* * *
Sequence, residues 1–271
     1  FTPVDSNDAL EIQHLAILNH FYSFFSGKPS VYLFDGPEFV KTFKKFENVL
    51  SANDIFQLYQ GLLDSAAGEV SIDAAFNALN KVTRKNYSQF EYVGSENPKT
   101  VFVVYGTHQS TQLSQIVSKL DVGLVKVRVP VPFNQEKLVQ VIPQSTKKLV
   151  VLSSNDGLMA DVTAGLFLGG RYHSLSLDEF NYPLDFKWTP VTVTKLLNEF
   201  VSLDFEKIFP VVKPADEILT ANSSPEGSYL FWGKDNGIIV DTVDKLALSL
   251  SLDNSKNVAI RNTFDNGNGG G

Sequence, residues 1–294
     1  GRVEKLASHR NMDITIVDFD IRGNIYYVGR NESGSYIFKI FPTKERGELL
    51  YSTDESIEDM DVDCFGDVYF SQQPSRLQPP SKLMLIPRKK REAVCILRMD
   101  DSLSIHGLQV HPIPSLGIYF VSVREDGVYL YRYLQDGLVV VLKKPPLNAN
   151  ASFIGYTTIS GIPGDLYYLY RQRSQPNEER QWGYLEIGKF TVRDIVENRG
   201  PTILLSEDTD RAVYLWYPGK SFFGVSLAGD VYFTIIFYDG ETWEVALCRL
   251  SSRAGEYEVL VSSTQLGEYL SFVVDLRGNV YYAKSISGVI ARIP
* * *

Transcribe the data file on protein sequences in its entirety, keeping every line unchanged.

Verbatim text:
Sequence, residues 1–271
     1  FTPVDSNDAL EIQHLAILNH FYSFFSGKPS VYLFDGPEFV KTFKKFENVL
    51  SANDIFQLYQ GLLDSAAGEV SIDAAFNALN KVTRKNYSQF EYVGSENPKT
   101  VFVVYGTHQS TQLSQIVSKL DVGLVKVRVP VPFNQEKLVQ VIPQSTKKLV
   151  VLSSNDGLMA DVTAGLFLGG RYHSLSLDEF NYPLDFKWTP VTVTKLLNEF
   201  VSLDFEKIFP VVKPADEILT ANSSPEGSYL FWGKDNGIIV DTVDKLALSL
   251  SLDNSKNVAI RNTFDNGNGG G

Sequence, residues 1–294
     1  GRVEKLASHR NMDITIVDFD IRGNIYYVGR NESGSYIFKI FPTKERGELL
    51  YSTDESIEDM DVDCFGDVYF SQQPSRLQPP SKLMLIPRKK REAVCILRMD
   101  DSLSIHGLQV HPIPSLGIYF VSVREDGVYL YRYLQDGLVV VLKKPPLNAN
   151  ASFIGYTTIS GIPGDLYYLY RQRSQPNEER QWGYLEIGKF TVRDIVENRG
   201  PTILLSEDTD RAVYLWYPGK SFFGVSLAGD VYFTIIFYDG ETWEVALCRL
   251  SSRAGEYEVL VSSTQLGEYL SFVVDLRGNV YYAKSISGVI ARIP